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Hindujas reach financial settlement in domestic worker abuse trial

A group of people are walking on a city street.
Members of the Hinduja family and their lawyers arriving at the Geneva courthouse on Monday. Keystone/Salvatore Di Nolfi

An agreement was reached on Thursday between the parties involved in the Hinduja family trial before the Geneva Criminal Court. This confidential arrangement results in the withdrawal of the three plaintiffs from the criminal and civil proceedings.  

In the absence of plaintiffs, the trial continues, as human trafficking by trade is prosecuted ex officio. “It doesn’t change anything”, said the prosecutor Yves Bertossa, who will deliver his closing arguments on Monday. The defense case will follow. Bound by a confidentiality clause, the parties have made no comment on the settlement.  

Four members of this wealthy family of Indian origin have been on trial since Monday before the Geneva Criminal Court. They are accused of having exploited domestic staff for years at their property in Cologny in canton Geneva. The father, Prakash Hinduja (aged 78), and his wife Kamal (75) did not appear at the hearing, but their son Ajay (56) and daughter-in-law Namrata (50) did.  

Shortly before the announcement of the financial agreement, which had been in the air since the opening of the trial, three witnesses called by the defense spoke highly of the family. Two very old friends spoke of the “generosity” and “kindness” of an “always welcoming” family.  

Low pay, difficult working conditions  

The fourth day of the long-awaited trial began with a lengthy interview with one of the former household employees. When asked about her expectations of the trial, the 51-year-old Indian woman explained that she wanted to be paid for her work and demanded justice.

This ex-employee was paid 10,000 Indian rupees (CHF106) a month in cash when she worked at the Cologny property between 2009 and 2016. Her salary was subsequently increased at her request, but she was unable to say by how much, as the sum was paid directly to her family in India.  

She explained that she returned to the country in 2012 for her daughter’s wedding and childbirth. Otherwise, she returned to India about three weeks a year. She specified that she could not choose the period and duration of her vacations. She never went to school and was married at 15 to a man who beat her.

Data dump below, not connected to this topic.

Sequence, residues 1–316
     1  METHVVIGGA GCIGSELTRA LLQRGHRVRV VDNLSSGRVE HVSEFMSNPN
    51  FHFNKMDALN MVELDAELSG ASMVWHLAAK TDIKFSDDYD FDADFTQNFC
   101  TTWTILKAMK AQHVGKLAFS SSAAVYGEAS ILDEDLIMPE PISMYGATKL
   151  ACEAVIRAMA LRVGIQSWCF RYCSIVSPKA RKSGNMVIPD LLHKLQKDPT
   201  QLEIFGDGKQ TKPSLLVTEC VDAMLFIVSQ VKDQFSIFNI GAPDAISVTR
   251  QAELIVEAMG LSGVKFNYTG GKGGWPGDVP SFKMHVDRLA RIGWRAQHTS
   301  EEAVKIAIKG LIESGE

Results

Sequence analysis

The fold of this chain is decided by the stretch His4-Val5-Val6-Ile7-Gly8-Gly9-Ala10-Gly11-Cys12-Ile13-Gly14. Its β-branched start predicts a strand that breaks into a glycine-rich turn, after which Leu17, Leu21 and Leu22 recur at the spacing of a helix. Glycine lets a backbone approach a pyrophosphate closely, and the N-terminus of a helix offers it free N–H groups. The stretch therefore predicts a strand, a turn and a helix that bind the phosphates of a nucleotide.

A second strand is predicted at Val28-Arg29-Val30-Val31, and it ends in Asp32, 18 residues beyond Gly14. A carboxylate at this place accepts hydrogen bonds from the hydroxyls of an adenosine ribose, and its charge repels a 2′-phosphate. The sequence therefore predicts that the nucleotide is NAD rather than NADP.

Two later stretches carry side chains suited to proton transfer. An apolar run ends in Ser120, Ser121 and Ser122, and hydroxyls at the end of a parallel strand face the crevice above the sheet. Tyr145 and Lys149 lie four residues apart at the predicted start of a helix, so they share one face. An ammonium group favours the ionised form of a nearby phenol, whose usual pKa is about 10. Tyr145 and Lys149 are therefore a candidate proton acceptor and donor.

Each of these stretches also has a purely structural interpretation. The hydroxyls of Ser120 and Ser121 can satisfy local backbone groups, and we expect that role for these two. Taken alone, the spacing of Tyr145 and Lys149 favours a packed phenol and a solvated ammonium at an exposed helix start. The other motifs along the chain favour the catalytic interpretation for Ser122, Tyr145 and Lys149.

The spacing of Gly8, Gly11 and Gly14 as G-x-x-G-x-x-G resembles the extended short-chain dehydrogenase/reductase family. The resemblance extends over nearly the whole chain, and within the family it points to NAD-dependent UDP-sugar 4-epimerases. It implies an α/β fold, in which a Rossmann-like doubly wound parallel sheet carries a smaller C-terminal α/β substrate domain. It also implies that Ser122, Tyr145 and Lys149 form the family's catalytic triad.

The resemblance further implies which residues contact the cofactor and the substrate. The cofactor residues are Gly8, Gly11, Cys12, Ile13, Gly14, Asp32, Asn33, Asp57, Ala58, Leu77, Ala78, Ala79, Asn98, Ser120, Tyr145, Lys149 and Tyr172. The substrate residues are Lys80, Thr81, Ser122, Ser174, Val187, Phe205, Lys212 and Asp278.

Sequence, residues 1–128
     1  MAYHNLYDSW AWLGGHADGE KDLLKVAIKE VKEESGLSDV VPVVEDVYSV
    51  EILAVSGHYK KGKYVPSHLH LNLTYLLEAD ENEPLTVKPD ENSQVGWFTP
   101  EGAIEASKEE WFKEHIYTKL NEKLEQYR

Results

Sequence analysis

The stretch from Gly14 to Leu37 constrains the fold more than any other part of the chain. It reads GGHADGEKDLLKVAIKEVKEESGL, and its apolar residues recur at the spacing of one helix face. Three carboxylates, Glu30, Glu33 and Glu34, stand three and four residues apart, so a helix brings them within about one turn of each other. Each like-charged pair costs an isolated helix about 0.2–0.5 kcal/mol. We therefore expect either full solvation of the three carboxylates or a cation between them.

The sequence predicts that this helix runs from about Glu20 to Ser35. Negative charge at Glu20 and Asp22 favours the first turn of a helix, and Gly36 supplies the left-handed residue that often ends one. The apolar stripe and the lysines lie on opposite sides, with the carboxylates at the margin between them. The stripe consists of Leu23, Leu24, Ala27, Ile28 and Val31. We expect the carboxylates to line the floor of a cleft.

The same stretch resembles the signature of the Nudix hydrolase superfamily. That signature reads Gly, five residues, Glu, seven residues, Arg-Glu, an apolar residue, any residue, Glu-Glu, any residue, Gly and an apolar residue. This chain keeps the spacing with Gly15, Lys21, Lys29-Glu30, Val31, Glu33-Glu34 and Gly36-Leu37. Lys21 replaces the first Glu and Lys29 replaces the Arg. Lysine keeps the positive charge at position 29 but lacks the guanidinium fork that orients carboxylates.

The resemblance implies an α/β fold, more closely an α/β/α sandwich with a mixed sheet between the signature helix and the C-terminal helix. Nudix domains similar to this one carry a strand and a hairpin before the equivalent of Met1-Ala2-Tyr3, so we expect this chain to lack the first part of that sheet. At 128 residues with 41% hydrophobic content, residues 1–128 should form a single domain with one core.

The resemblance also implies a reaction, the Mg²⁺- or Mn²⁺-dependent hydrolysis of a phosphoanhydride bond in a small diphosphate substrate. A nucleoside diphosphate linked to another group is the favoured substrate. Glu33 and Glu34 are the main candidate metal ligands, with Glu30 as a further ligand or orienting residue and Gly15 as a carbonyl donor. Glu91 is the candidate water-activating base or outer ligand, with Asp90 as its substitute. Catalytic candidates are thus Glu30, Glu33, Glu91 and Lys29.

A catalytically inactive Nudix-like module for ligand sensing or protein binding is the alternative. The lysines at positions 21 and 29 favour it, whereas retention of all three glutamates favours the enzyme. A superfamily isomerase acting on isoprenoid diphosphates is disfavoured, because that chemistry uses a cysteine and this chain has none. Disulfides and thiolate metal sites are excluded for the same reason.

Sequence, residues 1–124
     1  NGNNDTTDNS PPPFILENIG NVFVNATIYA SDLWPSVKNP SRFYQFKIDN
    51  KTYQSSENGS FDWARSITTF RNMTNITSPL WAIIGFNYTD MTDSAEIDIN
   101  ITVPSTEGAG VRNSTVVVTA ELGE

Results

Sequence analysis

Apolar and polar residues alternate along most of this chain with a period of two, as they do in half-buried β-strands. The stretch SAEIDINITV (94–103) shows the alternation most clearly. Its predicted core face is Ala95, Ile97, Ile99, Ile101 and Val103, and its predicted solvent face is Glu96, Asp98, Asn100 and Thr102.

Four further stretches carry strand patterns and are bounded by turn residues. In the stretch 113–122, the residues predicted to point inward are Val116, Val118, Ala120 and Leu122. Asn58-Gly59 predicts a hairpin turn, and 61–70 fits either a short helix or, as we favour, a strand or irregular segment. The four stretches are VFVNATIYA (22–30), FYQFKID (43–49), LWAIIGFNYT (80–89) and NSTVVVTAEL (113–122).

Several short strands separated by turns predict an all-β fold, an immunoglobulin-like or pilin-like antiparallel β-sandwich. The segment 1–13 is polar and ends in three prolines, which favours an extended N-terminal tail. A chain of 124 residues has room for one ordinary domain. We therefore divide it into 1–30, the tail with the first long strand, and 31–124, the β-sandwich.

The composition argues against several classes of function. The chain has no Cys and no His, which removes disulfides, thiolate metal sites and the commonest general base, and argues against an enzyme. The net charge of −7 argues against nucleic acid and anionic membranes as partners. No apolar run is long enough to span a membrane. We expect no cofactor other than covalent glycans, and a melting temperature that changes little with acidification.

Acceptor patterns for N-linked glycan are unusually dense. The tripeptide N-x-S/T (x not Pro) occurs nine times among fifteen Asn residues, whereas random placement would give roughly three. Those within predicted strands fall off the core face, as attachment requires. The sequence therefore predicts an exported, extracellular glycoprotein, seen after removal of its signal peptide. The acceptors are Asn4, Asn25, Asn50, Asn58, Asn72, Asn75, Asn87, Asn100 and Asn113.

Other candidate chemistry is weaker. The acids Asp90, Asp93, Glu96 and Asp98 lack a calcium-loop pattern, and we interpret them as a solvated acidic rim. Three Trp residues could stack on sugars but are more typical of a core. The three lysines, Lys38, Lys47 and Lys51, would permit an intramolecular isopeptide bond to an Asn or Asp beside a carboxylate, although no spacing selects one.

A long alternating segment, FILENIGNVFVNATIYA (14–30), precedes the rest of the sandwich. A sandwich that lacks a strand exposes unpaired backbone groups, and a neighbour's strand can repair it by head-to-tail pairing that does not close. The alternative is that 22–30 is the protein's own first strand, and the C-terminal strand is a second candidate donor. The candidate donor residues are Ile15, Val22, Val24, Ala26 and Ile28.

In response to questions from the president of the court, she said she left the villa once or twice a year to go for a walk by the lake. The Hinduja daughter-in-law allowed her to go out, but not the mother who had hired her, she explained. In 2016, she left the Hinduja family to work in another house in Geneva.  

Numerous appeals  

According to the indictment issued by the Public Prosecutor’s Office, the employees had to work every day, with no days off, no compensation for overtime, and vacations imposed and unpaid. They were paid miserable wages. The defendants have contested these accusations.  

+ Read more: Hinduja family to stand trial in Switzerland for exploiting domestic help

The trial was adjourned earlier this year. Opened in 2018, the proceedings have been the subject of numerous appeals by the defense. The Hindujas are a powerful family of Indian origin, at the head of a conglomerate with activities in industry, finance, IT services, healthcare and real estate.  

Adapted from German by DeepL/kc/ac

This news story has been written and carefully fact-checked by an external editorial team. At SWI swissinfo.ch we select the most relevant news for an international audience and use automatic translation tools such as DeepL to translate it into English. Providing you with automatically translated news gives us the time to write more in-depth articles. 

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